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What Will You Do with All the Returned Books?

For many of you, the school year will wrap up in the next couple of weeks. A lot of librarians and textbook coordinators are having questions about what to do with the books the students have kept at home during the COVID 19 time. I’m going to share some information from several articles and try to offer some tips I have seen and heard other librarians doing. At this point, we have to do the best we can with what we know.

These are the resources I used to gather information: Article: Disinfecting Circulating Books

Article: IMLS, CDC Offer Guidance for Disinfecting Returned Library Books

Article: IMLS, CDC: On Staff Safety, Handling Paper In COVID-19 Pandemic

Article: Handling Library Materials and Collections During a Pandemic Article: How to Sanitize Collections in a Pandemic

Research Study: Aerosol and surface stability of HCoV-19 (SARS-CoV-2) compared to SARS-CoV-1

Research Study: Persistence of coronaviruses on inanimate surfaces and their inactivation with biocidal agents

In a nutshell, this is what I see.

Separate the returned books from the rest of the collection.

The articles and studies linked above suggest for the returned books to be in a 24 to 48-hour or 4-5 day quarantine in a separate area. I’d probably opt for the greater time or even extend it since so much is still being discovered about this coronavirus.

Some librarians are able to arrange for families to drop off books at places like district warehouses or even repurposing Little Free Libraries at the front of their schools. Others are collecting books when families are picking up their daily curbside meals or printed educational packets for home. Some have asked for the books to be returned in a ziplock bag if the family has access to one.

When it’s not possible to quarantine the books, some librarians are collecting the books in large containers layered with sturdy plastic garbage bags. Someone wears gloves and removes the bags daily and keeps them tied shut. It is recommended that the gloves be immediately disposed of and the wearer washes their hands following CDC guidelines. It is very important to practice good hand hygiene after touching the books or other materials returned from the students’ homes.

Librarian, Amanda Jones, shared that she is collecting the bags daily and labels them with the date so she can keep up with the amount of time the books have been bagged in quarantine. While a recent study shows that COVID-19 can last on surfaces such as cardboard for 24 hours and another study shows 4-5 days, many librarians are opting for an extended time period since there are so many unknowns right now. Amanda has opted for a 2-week quarantine while others will store their books for the entire summer before opening the bags of books.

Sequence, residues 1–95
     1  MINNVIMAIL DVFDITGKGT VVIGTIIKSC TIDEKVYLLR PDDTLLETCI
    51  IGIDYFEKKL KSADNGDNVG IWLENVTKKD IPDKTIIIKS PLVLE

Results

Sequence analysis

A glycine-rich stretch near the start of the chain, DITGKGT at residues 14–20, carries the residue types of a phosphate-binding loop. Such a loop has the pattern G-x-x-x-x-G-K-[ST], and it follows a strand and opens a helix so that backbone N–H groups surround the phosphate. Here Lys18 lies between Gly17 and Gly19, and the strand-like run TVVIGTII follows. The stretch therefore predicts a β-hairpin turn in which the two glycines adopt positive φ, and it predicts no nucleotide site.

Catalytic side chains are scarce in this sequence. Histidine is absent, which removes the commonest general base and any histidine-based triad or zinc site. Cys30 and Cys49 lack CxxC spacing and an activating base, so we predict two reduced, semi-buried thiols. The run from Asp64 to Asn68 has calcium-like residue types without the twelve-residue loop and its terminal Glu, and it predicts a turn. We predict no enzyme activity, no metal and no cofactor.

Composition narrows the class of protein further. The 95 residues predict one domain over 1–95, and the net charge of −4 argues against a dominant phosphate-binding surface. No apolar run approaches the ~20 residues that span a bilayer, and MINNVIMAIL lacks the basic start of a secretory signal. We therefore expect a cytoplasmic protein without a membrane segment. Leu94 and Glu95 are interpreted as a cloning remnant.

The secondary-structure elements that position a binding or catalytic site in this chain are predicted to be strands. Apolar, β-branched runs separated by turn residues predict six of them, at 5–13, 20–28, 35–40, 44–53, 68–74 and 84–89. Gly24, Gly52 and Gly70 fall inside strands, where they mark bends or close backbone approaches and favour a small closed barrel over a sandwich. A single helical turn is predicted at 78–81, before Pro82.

Cleaning the Books

School librarians would probably not consider themselves preservationists. But, there is much we can learn from preservationist librarians who specialize in this area. According to the studies linked above, liquid disinfectants and UV ray exposure can be harmful to the books and is not recommended.

I have seen where some librarians, as a common practice, wipe their books or book jackets with some kind of disinfecting/alcohol-based wipes at the end of the year. However, it appears that extended time in quarantine is the best way to “clean” your books.

Weed/Discard Books

I have also even seen where some districts are opting to “write off” all books currently checked out to students. Some have mentioned collecting the books and then weeding them from the collection. Another idea I have seen is where the districts are opting to let the students keep the books and add to or start their own home library. We all know the value of having books in the home and this is one way to support that.

None of the tips that I shared are guaranteed to be the best practice. The ideas were gleaned from the articles and studies I shared above. As always, you should follow the advice of the Centers for Disease Control and Prevention (CDC) and your local health authorities.

There are a lot of things to discuss with your administrator, library director, and even the maintenance director at your district. Don’t make the decision on your own of how you will handle books that are currently checked out. This is a time for us to collaborate with others in our district.

Let the smartest person in the room be the Zoom room you gather in when you create your plan.

Stay safe and have a great weekend!

Dr. Laura

Be sure to listen to the Librarian Influencer podcast The Reading/Writing Connection in Libraries: with Lisa Von Drasek. She shared some great resources to help you finish your school year strong by building the reading and writing connection with your students.

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